Today’s Wordle answer #331: Monday, May 16

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Have you been searching for the Wordle May 16 (331) answer? It’s the start of a new week and the middle of the month, payday too far behind and too far ahead all at the same time. Let’s make this hump just that little bit easier for you with some fresh help with today’s Wordle challenge.

There’s every chance you already breezed through today’s puzzle and only stopped by to look through our Wordle archive instead—feel free to browse to your heart’s content. Whatever the reason for your visit, I’m here to lend you a hand. I can offer a clue, the answer, and if you’d like to learn how to play Wordle I’d be happy to show you the ropes.

Wordle May 16: A helpful hint

Today’s word is all about digging deep—not always physically either. When you search for something and you really have to get stuck in there to find it, this is the word to use. There’s only one vowel, but it’s used twice, so be careful.

Today’s Wordle 331 answer

You absolutely deserve to have a great Monday, so let me help in one small way. The answer to the May 16 (331) Wordle is DELVE.

How Wordle works

In Wordle you’re presented with five empty boxes to work with, and you need to suss out a secret five-letter word which fits in those boxes. You’ve only got six guesses to nail it.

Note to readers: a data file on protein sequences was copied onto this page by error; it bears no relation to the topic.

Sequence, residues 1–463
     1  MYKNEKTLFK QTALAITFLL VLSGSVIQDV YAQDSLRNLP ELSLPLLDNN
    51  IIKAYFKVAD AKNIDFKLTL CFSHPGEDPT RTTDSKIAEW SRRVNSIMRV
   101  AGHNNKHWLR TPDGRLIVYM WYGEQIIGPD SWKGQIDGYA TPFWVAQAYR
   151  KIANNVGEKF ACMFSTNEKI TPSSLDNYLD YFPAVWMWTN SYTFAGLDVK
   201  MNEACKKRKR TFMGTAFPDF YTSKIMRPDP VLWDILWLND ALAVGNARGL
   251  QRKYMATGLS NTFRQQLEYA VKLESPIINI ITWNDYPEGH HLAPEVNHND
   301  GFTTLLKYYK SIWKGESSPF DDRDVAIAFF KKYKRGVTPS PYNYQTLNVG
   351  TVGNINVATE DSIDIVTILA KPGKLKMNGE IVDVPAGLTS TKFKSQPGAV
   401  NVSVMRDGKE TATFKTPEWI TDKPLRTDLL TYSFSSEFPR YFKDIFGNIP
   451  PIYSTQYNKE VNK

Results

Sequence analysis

Start with the best Wordle starting word, like “RAISE”—that’s good because it contains three common vowels and no repeat letters. Hit Enter and the boxes will show you which letters you’ve got right or wrong. 

If a box turns ⬛️, that letter isn’t in the secret word at all. 🟨 means the letter is in the word, but not in that position. 🟩 means you’ve nailed the letter, it’s in the word and in the right spot.

As you’ll know from our top Wordle tips, in the next row, repeat the process for your second guess using what you learned from your previous guess. You have six tries and can only use real words (so no filling the boxes with EEEEE to see if there’s an E).

Originally, Wordle was dreamed up by software engineer Josh Wardle, as a surprise for his partner who loves word games. From there it spread to his family, and finally got released to the public. The word puzzle game has since inspired tons of games like Wordle, refocusing the daily gimmick around music or math or geography. It wasn’t long before Wordle became so popular it was sold to the New York Times for seven figures. Surely it’s only a matter of time before we all solely communicate in tricolor boxes.

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